Now, the post seems to be suggesting that if it can be shown that no phenotype correlates with survival and/or reproduction then evolution cannot have taken place because it would have taken too long. There are certainly phenotypes today (even sticking with the human population) that correlate significantly with survival and/or reproduction. I wont go into any here, but with a little effort put into searching pubmed (for online scientific publications) or other relevant websites, several interesting papers on the subject can be found. However, and as other comments also highlight, modern medicine and other cultural factors have decreased or removed many of the selection pressures that affected our ancestors.

    I would like to make a few comments on correlation and randomness as mentioned in the post. First of all, nobody that knows anything about evolution would claim that there is “no randomness in evolution”. Mutation is random in the sense that mutational events usually can’t be predicted and they appear to follow no particular order (although they can of course, especially when the rate of mutation is considered). Randomness itself isn’t a mathematical tool – the simulation of random models is, usually accompanied by their comparison with non-random models (look no further than the Weasel simulation in The Blind Watchmaker I mentioned earlier). We can get philosophical about randomness and its definitions, but if it is taken to mean the absence of predictability and order (which it often is) then randomness can be precisely defined as 0% or 100% (or any percent in between) depending on the system, example, model, etc. that you are studying. A simple example: the numbers 1 to 9 are correlated perfectly with the numbers 1 to 9 so randomness is completely absent from a linear model of these two lists of numbers drawn on an x-y coordinate plot. Randomness can find its way into a model where correlation is less than 100% and can often be precisely measured as the lack of predictability of the model or the percentage of unexplained variation in the variable that one was trying to predict.

    I don’t think this post had honest intentions behind it or, in the case of the person who posted it, a willingness to understand and this quite probably explains the lack of coherence and logic running throughout coupled with the pseudo-scientific flavour to it.

  19. “Can I conclude that if there is low correlation between the phenotypes and the chances of survival then there is a uniform randomness in the chances of survival and thus no or low evolution?”

    I forgot about this one: It cannot be concluded from a lack of correlation between all phenotypes (if the collection of data for all phenotypes was possible) and chances of survival that evolution does not occur (and certainly that it did not occur). What can be suggested, however, is that (based on the data that has been analysed) there are low (or no) selection pressures acting on the population involved in the study. I’m open to disagreement of course – I’m just trying to pull some sense out of the questions/suggestions in the post.

    • In reply to #30 by vodkaholic:

      What can be suggested, however, is that (based on the data that has been analysed) there are low (or no) selection pressures acting on the population involved in the study.

      A group of clones not subject to mutation might be one entirely hypothetical example, but as soon as you get any variation…

  20. Mutation is random, evolution is not. The gatekeeper known as death filters out the “bad” mutations.

    Humans still evolve. The pressures on which direction we evolve may come from our own manipulation of our environment as much as from nature. Science is near the point where we will directly change ourselves which isn’t natural selection, but will certainly change the human species.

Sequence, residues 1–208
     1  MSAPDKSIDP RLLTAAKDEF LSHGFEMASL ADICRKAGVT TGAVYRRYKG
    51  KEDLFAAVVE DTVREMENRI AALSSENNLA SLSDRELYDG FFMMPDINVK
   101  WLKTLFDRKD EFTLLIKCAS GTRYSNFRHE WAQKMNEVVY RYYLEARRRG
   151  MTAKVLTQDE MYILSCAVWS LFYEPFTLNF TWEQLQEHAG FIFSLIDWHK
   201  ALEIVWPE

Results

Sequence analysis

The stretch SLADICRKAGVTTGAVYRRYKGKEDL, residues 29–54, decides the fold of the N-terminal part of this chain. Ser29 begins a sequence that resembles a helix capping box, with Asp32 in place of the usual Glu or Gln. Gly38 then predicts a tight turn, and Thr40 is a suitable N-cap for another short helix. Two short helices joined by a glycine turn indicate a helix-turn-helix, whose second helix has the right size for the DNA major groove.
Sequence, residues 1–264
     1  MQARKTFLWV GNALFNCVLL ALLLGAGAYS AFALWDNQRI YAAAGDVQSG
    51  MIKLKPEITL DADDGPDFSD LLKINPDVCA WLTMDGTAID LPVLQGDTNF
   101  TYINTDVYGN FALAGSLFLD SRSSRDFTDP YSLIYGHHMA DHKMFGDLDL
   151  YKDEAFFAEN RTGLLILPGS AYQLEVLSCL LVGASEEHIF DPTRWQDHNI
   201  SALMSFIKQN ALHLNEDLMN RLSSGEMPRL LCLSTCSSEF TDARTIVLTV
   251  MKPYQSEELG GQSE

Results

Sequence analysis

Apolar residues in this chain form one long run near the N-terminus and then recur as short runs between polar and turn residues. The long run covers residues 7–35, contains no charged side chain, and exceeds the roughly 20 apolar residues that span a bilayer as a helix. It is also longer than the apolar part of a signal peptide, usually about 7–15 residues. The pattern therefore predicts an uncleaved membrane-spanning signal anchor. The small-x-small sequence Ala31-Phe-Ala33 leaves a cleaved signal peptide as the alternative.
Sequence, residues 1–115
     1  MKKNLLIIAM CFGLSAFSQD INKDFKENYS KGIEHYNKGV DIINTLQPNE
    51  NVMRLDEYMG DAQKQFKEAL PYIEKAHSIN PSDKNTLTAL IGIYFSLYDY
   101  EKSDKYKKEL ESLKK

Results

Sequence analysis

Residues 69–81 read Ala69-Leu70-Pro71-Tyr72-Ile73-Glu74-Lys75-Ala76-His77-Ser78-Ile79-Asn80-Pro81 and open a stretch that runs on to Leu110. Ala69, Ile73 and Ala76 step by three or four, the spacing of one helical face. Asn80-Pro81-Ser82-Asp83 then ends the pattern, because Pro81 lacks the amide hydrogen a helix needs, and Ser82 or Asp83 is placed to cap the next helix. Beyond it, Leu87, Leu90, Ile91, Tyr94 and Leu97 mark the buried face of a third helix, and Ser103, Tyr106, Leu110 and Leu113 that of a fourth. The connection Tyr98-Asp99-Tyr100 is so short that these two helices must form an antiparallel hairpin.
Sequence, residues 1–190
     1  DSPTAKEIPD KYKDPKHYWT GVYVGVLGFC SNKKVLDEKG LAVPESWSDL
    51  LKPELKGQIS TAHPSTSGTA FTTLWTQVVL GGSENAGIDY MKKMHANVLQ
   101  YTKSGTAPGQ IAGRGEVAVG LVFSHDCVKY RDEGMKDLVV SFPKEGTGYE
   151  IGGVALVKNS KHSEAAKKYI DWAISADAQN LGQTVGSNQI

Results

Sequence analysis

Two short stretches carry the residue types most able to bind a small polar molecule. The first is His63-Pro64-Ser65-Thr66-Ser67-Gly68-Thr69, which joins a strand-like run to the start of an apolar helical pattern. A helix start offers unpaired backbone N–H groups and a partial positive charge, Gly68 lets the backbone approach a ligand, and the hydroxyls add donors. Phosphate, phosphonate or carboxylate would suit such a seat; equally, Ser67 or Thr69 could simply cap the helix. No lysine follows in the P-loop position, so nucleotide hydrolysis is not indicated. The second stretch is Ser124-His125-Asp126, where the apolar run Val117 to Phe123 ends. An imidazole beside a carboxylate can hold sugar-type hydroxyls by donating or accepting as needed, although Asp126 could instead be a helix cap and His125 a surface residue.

Yes, things that have no direct bearing on the survival of your offspring have little influence on your evolution.

    • In reply to #32 by canadian_right:

      Science is near the point where we will directly change ourselves which isn’t natural selection, but will certainly change the human species.

      It may not yet form part of our current understanding of natural selection, but I think alien geneticists might one day be able to incorporate it into the theory as a form of sexual selection.

  21. Richard has said in his book

    which book. He’s written a few.

    that the genes which have a phenotype that improve chances of survival will also become more common in the species.

    “also” as well as what?

    Can I conclude that if there is low correlation between the phenotypes and the chances of survival then there is a uniform randomness in the chances of survival and thus no or low evolution?

    yes. But why would this happen? So-called “living fossils” might be an example (though even they evolve)

    An example would be a group of monkeys typing randomly on type writers. Given enough time they will type a shakspher play.

    do the maths. Even if you measure it in multiples of the age of the universe the time taken is vast. Or if you can’t do the maths try wikipedia.

    With uniform randomness it will take them more than the time the universe is expected to exist to type a shakspher play this way.

    much too small a number!

    With a genetic algorithm the time to write a shakspher play can be reduced to something more practical.

    This is also why evolution works, but also why evolution doesn’t work when there is no correlation or uniform randomness.

    when does this happen? Give examples.

    Before you comment that there is no randomness in evolution there is randomness in everything. Randomness is a mathematical tool and randomness is not either 100% or 0%. There are all types of randomness.

    mutations are random. But much more important is selection

    And lastely, do you think evolution still happen in the human race

    yes.

    or due to uniform randomness we evolve so slow it will take more than the time the universe will exist to introduce new different combinations of genes?

    no. Mutation is still occurring.